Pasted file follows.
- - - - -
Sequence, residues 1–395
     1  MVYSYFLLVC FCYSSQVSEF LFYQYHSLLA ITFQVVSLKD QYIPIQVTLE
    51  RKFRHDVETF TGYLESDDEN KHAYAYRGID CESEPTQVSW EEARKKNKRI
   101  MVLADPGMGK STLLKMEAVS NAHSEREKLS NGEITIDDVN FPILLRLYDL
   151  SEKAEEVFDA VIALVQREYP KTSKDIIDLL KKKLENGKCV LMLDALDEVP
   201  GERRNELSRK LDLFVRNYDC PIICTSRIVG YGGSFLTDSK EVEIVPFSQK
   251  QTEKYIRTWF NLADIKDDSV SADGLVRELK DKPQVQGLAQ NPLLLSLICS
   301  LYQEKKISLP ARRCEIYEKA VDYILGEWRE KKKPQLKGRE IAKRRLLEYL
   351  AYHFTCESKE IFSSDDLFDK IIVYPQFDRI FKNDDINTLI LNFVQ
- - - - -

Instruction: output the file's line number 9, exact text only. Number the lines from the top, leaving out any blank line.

   351  AYHFTCESKE IFSSDDLFDK IIVYPQFDRI FKNDDINTLI LNFVQ